Tuesday, April 12, 2011


Lower Mill Road seems like its own little village but it's actually right at the end of Concession, a very small village, first settled in 1818.

Like nearly every other village in Clare, the most prominent landmark is its church, though in Concession "The Green Store" on the corner is more likely to be mentioned, the Notre Dame du Mont Carmel Roman Catholic Church is the first thing you'll notice.

I didn't attend Church as a child, my mother taught us what we should know about Jesus' teaching, and the only time I really remember going inside was for our neighbor's wedding, and maybe another time with my dad when he was called to fix something, but seeing the church on the hill always meant we were almost home, not a bad association, really...

When I arrived home after more than five years away, I was eager to head up the road and take a few photos of the church to bring back to Korea. It ended up being a couple of weeks before I actually gathered my camera and lenses but apparently I was a day late. Or, from another perspective, I got there exactly in time to see them taking down the steeple!

For the rest of the time I was home, every time we went out and came back again, something just didn't feel right. It was kind of like looking at a chin without a face...

Unfortunately, most of the churches are closing. There hasn't been much support lately, and there's been no money to maintain them. When I was younger, this probably would have pleased me, but with an evolved understanding, acquired from Buddhism, I now see things differently. Despite our opinion of other religions, beneath the differences, the goal to be better people remains. Even though the Church has had its issues, it's seems as though there are even more problems arising in its absence.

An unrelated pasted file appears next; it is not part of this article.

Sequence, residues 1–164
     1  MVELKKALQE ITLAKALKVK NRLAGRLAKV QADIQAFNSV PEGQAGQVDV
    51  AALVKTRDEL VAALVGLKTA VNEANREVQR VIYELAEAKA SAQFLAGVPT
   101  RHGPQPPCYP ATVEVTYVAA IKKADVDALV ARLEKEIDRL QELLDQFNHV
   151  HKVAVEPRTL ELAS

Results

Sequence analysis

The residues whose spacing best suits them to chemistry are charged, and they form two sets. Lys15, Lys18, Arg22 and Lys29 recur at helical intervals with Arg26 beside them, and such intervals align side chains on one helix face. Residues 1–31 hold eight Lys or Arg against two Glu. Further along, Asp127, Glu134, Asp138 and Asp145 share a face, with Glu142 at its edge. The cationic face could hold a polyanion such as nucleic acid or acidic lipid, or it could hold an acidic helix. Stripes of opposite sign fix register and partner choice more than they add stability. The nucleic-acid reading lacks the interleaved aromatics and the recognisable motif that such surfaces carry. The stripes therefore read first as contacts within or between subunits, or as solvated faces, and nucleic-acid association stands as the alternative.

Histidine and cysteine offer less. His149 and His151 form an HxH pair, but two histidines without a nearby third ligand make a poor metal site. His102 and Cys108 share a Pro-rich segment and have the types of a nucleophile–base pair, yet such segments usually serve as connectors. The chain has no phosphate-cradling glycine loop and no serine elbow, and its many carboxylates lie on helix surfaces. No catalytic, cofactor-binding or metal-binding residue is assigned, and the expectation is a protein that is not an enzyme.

For more than merely nostalgic or sentimental sake, it was an unfortunate sight to find the steeple collapsed and in pieces on the ground.

I managed to get this shot through the window of the car when we first arrived home.
It came out blurry from the rainy day and the motion of the car,
but it looks pretty good filtered through "dry brush" in Photoshop!


  1. Hi Joseph,
    They're still using the church, but the steeple was rotten, and so instead of replacing it, they just removed it and put less expensive roof on? The bell looks like it hasn't been rung in a long time.

  2. I'm pretty sure it's closed now.
    One of the nicest churches, built form stone bricks sent from France, has been closed for a few years but they're using it occasionally for music concerts, I guess the acoustics are amazing!

  3. Chong Go Sunim is right, Joseph. I got the scoop from Denis Pana, who's on the church committee, at a meeting at Claredon's last year. The parish didn't have enough money to replace the steeple so they used what they had afford to make the repair and still do have services there, though in Saturday evenings now, due to the scarcity of priests to conduct Mass.
    I, too, am saddened by the church closures. Though never a practicing Catholic, I spent many peaceful hours in churches everywhere I lived and traveled. The loss of sacred space is regrettable under any circumstances.

  4. Wow five years is a long time. Has a lot changed?

  5. Actually, not a whole lot really. People got older!!